Producing content in house

Today, a small staff handles everything from designing brochures and billboards to producing radio and TV ads—with Adobe Creative Cloud for teams. “We knew that to build a successful in-house creative team, the creative software we used would have to keep pace with our growth,” says Cornelius Brackett, media specialist for First Federal Savings Bank.

FirstFed_2 Brackett, who previously worked in purchasing at the bank, but had a background in design and technology, created some ATM ads that resonated with customers. Soon, the bank was asking him to edit brochures and create newspaper ads. Brackett eventually found himself spending 20 hours a week creating marketing materials including a local television commercial. “Adobe is the standard for creative tools, so I knew it was a no-brainer to move to Adobe Creative Cloud for teams to meet our creative needs,” Bracket says. “Our print houses and video producer had already switched to Adobe Creative Cloud, and it was important to be compatible with our vendors to avoid potential workflow issues.”

Making the case for cloud

Currently, the team supports design needs for eleven branches, but soon, the bank expects to expand to other locations, and to enhance its marketing through online channels too. “We plan to do more online marketing, including an imminent website redesign,” says Brackett. Adobe Creative Cloud for teams will provide the flexibility to grow while managing costs predictably. “We can package the applications for different team members, so that we’re not wasting any Creative Cloud licenses.”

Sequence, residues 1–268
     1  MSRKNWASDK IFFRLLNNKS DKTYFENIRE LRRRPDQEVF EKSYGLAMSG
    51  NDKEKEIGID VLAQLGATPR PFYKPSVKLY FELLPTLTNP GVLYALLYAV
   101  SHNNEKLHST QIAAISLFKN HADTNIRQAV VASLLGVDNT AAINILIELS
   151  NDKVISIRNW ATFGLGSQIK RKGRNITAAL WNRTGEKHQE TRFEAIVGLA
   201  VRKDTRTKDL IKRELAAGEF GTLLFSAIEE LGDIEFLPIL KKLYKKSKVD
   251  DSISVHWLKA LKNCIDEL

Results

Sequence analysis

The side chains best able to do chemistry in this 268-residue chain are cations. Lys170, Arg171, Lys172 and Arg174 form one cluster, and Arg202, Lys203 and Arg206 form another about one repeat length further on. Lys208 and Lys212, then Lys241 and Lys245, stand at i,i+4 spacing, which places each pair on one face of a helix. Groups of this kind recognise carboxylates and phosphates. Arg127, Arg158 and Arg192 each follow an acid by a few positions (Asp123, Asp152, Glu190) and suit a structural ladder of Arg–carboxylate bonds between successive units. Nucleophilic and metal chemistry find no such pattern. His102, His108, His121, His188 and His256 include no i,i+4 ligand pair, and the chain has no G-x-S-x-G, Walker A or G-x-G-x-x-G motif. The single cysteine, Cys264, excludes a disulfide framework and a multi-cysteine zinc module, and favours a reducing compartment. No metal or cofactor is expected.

FirstFed_3The team uses Adobe After Effects CC and Adobe Premiere Pro CC to produce some videos such as television spots, and Adobe Illustrator CC, Adobe InDesign CC, and Adobe Photoshop CC to create print materials. Brackett is also experimenting with Creative Cloud mobile apps, including Adobe Photoshop Mix and Adobe Color CC, which he used to grab palettes from a unique color scheme in a new bank building to create materials that visually fit into targeted environments.

With interoperability between all of the apps in Creative Cloud continuing to streamline workflows, Brackett can work non-destructively, modifying background imagery or other elements up to the last minute. “The workflows among the Creative Cloud applications constantly become more integrated,” says Brackett. “This makes both learning and working with the applications more efficient. It just makes my job easier.”

Expanding horizons

By bringing design in house and moving to the cloud, the bank is conserving funds previously spent on outside vendors. Adding to the cost benefits, access to a wide array of creative software is spurring new ideas and opportunities. “We’re already creating a variety of content, and we see endless possibilities to do even more,” says Brackett. “Adobe Creative Cloud for teams really fosters productivity and creativity. I love nothing more than downloading a new piece of software and playing with it to get the creative juices flowing. It’s fun for me personally, and it helps us cultivate fresh ideas that genuinely benefit the bank.”